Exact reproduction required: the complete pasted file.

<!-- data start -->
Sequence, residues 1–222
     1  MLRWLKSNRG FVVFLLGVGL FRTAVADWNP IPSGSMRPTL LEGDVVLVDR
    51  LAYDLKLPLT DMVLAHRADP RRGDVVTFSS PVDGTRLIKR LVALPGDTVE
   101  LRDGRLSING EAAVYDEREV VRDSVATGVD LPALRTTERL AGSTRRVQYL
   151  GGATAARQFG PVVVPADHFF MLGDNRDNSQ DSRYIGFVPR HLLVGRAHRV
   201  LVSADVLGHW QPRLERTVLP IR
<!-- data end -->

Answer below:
Sequence, residues 1–222
     1  MLRWLKSNRG FVVFLLGVGL FRTAVADWNP IPSGSMRPTL LEGDVVLVDR
    51  LAYDLKLPLT DMVLAHRADP RRGDVVTFSS PVDGTRLIKR LVALPGDTVE
   101  LRDGRLSING EAAVYDEREV VRDSVATGVD LPALRTTERL AGSTRRVQYL
   151  GGATAARQFG PVVVPADHFF MLGDNRDNSQ DSRYIGFVPR HLLVGRAHRV
   201  LVSADVLGHW QPRLERTVLP IR